Life, like my mess desk and endless efforts at getting order against the tide of ever-present jobs and tasks at hand.  All of it imperfect. 

Enjoy every puddle

A fly flew into my tea this morning and drowned. I fished it out fast and toyed with the idea of starting again, a fresh cup of tea, but then thought the better of it.

A few germs can’t harm me.

Still I flinched at the sight of this tiny black fly, wings stuck to its body, encased there in its funeral shroud of tea. 

In the garden outside, the October roses have gone brown after a full day of rain yesterday and although everything looks washed clean, the garden has the same sad look of that fly, drowned. 

Years ago, after a ferocious drought I promised I’d never begrudge rainfall again. For every puddle I saw thereafter I’d rejoice, and I try to hold firm to this resolution. 

On Monday night I’m going to be part of the audience at the next Q&A session at the ABC studios is Southbank. A bunch of illustrious and brave women will discuss family abuse, among other things. 

Someone gave my daughter tickets and at first I baulked at the thought of another night out but now I’m excited to take part. 

When I was a child I did not think that my father’s violence towards my mother and the rest of us anything out of the ordinary, at least not in our household. I did not give it a label, other than knowing that my father was volatile and prone to fits of rage at the slightest insult especially when he drank. 

I knew too that this was not a thing to be discussed outside our family home. 

At roll call in school when Mother Mary John asked us to give certain family details at the beginning of each year, she asked the names of our fathers and also their occupation. My father was an accountant. I said it with pride. I thrilled at the way he carried behind his long name, Jan Christiaan Schooneveldt, the letters of his qualifications, DipAccCA, or some such thing. I did not think about his other characteristics. Not then in class when I craved respectability.

I longed for the day when I too might attach acronyms to my name, letters from the alphabet placed together in such a way as to suggest achievement.

I find it hard to do so these days. There’s something almost boastful about putting the PhD behind my name and I can’t understand why other than I grew up in a world where we women were taught to be demure and never boastful.

If there’s one thing I hate, it’s boasting, big noting yourself, calling attention to your achievements, and yet there are times when I long to tell the world, especially when it comes to my writing, ‘Here, look what I’ve done’. 

I have noticed too that the men around me never seem to have this struggle, this diminishment of pride in their achievements, even the shy ones.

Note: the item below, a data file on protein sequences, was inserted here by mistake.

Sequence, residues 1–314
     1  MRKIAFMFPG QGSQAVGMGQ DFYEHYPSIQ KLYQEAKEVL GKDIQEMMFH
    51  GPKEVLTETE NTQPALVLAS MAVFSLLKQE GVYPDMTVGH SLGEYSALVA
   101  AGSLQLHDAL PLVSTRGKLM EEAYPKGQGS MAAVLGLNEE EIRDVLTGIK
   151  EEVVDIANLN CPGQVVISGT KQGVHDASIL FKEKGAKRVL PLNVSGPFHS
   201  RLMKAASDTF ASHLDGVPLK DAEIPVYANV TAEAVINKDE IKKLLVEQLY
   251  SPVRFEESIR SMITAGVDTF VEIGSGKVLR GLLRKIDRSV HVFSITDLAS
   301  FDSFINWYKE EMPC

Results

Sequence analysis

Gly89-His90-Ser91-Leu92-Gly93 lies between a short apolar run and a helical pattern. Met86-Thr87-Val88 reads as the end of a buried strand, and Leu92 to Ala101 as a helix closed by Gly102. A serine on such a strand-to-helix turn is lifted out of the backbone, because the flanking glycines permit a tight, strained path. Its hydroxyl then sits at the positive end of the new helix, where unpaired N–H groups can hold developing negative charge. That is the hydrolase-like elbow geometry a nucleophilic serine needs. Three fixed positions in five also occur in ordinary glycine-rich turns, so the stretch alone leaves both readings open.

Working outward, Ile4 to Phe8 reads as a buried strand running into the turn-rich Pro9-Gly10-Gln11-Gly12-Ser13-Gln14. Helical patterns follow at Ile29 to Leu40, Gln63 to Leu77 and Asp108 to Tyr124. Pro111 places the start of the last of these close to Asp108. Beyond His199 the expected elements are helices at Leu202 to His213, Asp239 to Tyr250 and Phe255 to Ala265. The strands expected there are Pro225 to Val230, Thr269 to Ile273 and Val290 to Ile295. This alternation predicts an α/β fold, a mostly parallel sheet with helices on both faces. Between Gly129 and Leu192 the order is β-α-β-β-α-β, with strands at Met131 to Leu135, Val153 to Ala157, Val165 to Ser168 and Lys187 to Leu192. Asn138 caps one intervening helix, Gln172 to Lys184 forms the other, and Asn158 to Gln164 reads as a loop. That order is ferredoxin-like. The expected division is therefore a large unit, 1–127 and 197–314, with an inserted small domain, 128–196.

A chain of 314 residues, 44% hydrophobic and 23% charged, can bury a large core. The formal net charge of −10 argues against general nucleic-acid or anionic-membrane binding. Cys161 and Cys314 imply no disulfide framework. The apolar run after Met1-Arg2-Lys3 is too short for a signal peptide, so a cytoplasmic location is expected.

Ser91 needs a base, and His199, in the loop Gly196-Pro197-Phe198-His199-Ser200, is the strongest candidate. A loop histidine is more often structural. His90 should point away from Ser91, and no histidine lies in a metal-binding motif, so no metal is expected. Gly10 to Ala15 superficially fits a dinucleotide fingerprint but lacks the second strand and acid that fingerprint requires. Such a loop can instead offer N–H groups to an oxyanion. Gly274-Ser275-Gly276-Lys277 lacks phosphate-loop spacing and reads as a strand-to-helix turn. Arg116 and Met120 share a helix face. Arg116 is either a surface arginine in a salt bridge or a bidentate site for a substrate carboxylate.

I enjoy a long correspondence with the writer Gerald Murnane and his last letter to me was one long boast about how pleased he was to have reached eighty and finally to have the recognition he has always believed he deserved. 

Oh, to be so confident. 

I prefer humility in my writers, those who can talk about their writing with pleasure and pride but have no need to rate themselves as anything but writers who have a story to tell. 

When I was a child Mother Mary John made it clear that the worst any of us could be was a notice box. Those children who sought attention from the teacher all the time. 

The boys were the biggest culprits. And mother Mary John punished them by making each stand in an empty rubbish bin on the school veranda for several hours. 

To add to the insult, she tied ribbons in their hair.

No greater insult to a small boy than to tell him he was behaving like a girl and could therefore be seen as a girl. 

I had trouble understanding the logic of this. If the boy was being punished for making a notice box of himself by fidgeting at his desk or flicking paper at his neighbour, how then did that make him like a girl when you considered that ordinarily the girls were the least likely to commit the offence of seeking attention?

Adam Phillip’s the British psychoanalyst puts a different emphasis on seeking attention. He reckons it’s important to seek attention for survival. He also argues that the thing that most gets in the way of attention seeking – in the sense of being curious about the world and people around us – is the issue of shame. 

The problem with shame, it reduces out ability to attend. It closes off our minds to other possibilities. This can’t be a good thing. 

Shame is different from humility. The one a problem, the other a virtue. Though each a problem in excess. 

Shame cuts us off from one another; humility connects us through our shared humanity and ordinariness. It recognises we’re each not the best but we’re good enough. 

The poor fly who flew into my tea did not mean to end its life there. It might have already been at the base of my teacup hidden under the tea bag when I poured in boiling water and floated to the surface to be visible once I added milk. 

Or it might have mishandled a landing on the rim of my cup. 

It all happened so fast. Like life itself. 

It can seem interminable when we’re in it but the older I get the faster it goes, and I know in years to come and for Gerald Murnane, too, we’ll both simply be memories. His greater than mine as his legacy is far greater but in the scheme of things, how much do these thing matter except to our most sensitive and infantile selves who do not want to be forgotten.